Physicians might ask couples to test for STDs like HIV, Chlamydia, Gonorrhea, Syphilis, and Hepatitis. Couples might also be asked to have their vaccines updated. Blood types and blood counts might also be requested. Thyroid function might need to be tested and semen might also need to be analyzed. Women might have to take the Ovarian Reserve Test to look at follicles, estradiol, and anti-mullerian hormones. It is also common for endometrial biopsies to be requested and urine luteinizing hormone tests might also be requested by physicians.

6. It can be done at home

Artificial insemination procedures are usually performed by medical professionals. Some women choose to have the procedure done at home. While the success rates are not as high as when the procedure is done by a professional, some women have become pregnant by doing it themselves.

Home insemination can be less stressful and costly than having the procedure done at a medical facility. Supplies can be purchased at drug stores and some sperm banks will work with women to deliver sperm at the key point of women’s cycles.

Most medical professionals will not recommend home insemination or the “turkey baster method” because it does not work well and it is not as sanitary as having the procedure done in a medical facility. The cost to use an at-home kit is around $150 to $200.

7. Costs vary

The cost of artificial insemination varies based on the needs of patients and whether or not health insurance covers any of the procedures. The cost varies based on the state you live in and whether or not you have health insurance. In most cases, you will need to have a consultation with your physician about your treatment options. Your physician will require you to have some tests to determine whether or not artificial insemination is a viable option. The consultation and the tests will have costs attached to them.

Another cost you might have to consider is at-home monitoring. This will be used to determine the perfect time for the procedure. You might also need to have blood tests and ultrasounds to see if your body is ready to accept artificial insemination. Your physician might also ask that you take medications to boost your ovulation and those medications will increase your costs.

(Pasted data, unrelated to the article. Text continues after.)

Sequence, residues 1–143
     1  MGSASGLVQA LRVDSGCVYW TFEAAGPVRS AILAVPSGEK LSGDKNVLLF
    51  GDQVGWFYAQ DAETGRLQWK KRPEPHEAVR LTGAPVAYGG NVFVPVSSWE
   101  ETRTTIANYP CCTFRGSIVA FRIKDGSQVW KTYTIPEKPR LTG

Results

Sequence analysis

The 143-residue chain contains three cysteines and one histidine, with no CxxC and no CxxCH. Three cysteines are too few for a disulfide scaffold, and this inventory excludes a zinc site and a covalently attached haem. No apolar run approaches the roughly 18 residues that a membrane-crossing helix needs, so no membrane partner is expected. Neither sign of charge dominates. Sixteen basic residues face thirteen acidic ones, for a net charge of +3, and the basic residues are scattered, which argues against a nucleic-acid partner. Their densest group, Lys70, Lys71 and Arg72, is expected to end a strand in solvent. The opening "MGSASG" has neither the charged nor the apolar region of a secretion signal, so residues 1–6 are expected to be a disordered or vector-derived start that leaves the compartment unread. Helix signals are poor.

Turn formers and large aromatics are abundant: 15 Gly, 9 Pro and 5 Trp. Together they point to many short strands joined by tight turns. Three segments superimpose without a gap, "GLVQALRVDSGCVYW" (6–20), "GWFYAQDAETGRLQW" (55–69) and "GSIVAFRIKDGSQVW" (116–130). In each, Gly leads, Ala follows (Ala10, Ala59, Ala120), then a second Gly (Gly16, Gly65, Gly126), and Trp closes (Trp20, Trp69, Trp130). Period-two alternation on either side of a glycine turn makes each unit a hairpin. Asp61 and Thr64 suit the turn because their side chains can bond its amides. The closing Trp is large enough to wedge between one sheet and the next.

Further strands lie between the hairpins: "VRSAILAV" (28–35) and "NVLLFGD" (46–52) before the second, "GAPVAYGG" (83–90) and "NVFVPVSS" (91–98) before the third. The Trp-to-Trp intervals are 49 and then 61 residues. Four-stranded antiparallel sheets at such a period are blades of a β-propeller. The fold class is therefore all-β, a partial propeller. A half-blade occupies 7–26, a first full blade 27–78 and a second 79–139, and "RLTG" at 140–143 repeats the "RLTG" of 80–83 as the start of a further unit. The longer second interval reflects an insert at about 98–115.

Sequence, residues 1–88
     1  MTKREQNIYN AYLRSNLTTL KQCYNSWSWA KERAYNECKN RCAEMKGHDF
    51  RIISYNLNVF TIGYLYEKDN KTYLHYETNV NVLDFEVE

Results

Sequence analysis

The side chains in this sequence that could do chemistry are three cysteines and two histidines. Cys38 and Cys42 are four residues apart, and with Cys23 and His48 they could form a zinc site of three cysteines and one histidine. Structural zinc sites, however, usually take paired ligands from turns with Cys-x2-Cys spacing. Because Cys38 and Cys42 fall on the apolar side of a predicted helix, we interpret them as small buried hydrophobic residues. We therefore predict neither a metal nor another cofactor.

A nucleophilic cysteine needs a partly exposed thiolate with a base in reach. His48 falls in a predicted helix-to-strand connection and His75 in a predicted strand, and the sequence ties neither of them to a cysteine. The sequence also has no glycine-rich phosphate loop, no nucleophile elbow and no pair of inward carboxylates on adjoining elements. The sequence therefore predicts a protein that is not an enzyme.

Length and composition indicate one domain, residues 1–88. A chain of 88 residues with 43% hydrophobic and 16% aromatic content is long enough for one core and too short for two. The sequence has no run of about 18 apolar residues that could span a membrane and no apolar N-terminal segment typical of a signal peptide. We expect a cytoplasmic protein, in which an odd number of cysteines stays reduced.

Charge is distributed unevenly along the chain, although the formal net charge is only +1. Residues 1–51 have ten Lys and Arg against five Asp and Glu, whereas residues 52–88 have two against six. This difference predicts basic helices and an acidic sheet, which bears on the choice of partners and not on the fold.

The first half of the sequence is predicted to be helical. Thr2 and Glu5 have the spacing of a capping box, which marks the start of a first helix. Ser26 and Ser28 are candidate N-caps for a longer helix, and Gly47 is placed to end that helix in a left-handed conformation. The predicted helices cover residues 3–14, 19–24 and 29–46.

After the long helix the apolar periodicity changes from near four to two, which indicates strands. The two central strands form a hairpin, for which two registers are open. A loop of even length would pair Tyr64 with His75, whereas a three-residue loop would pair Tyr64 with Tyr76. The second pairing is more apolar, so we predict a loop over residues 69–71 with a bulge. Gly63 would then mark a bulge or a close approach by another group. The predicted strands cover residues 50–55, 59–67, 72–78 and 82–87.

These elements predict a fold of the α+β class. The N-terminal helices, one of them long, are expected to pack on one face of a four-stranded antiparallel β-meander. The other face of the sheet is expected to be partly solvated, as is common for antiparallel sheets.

Men might also need to have some tests conducted to determine if their sperm is ready to impregnate their partners. Their sperm will need to be processed in a lab prior to being injected. There are also possible costs that will have to pay for using frozen sperm or donated sperm.

When artificial insemination is done in a medical facility, each attempt can cost between $200 and $800. Since many women have several injections over the course of several months, the cost can be significant. If you decide to choose a gender, then you might have significantly more costs, well over $1500 for each injection. However, if the procedure is successful, then it is all worth it.

8. Sex considerations

While preparing for artificial insemination, you will need to consider your sex life. Physicians request that both men and women abstain from sex. Men should not have sex three days prior to the procedure, but there is no reason to abstain for longer than three days. Women might have some discomfort from sex prior to the procedure due to the medication making her ovaries larger.

After the procedure, your physician might actually recommend that you have sex that night. The added sperm could help the chances of fertilization occurring. But, your physician might suggest that you avoid sex if you have pain during it. Your physician will tell you whether or not sex will be helpful after your procedure.

9. You might need Clomid

 Clomid is a medication that you might have to take if you want to increase your success rate with artificial insemination. This medication is taken orally and it helps the body regulate estrogen to stimulate ovulation.

This medication isn’t just given for women who are attempting pregnancy through artificial insemination. Women who have irregular periods often take Clomid to help her better predict their cycles. Women who have unexplained infertility also can take Clomid to help them find more success with spontaneous conception.

There are some risk factors associated with Clomid, including hyperstimulation and multiple ovulations. Some women’s ovaries can have multiple follicles, which can cause abdominal swelling. Taking Clomid can slightly increase the chances that women have twins, but there is no increased chance of having triplets or more babies. Your physician will help you better understand how Clomid can help you with your infertility issues.

About The Author:

Stacey Smith is a freelance health writer. She is passionate to write about women’s health, dental health, diabetes, endocrinology and nutrition and provide in-depth features on the latest in health news for medical clinics and health magazines.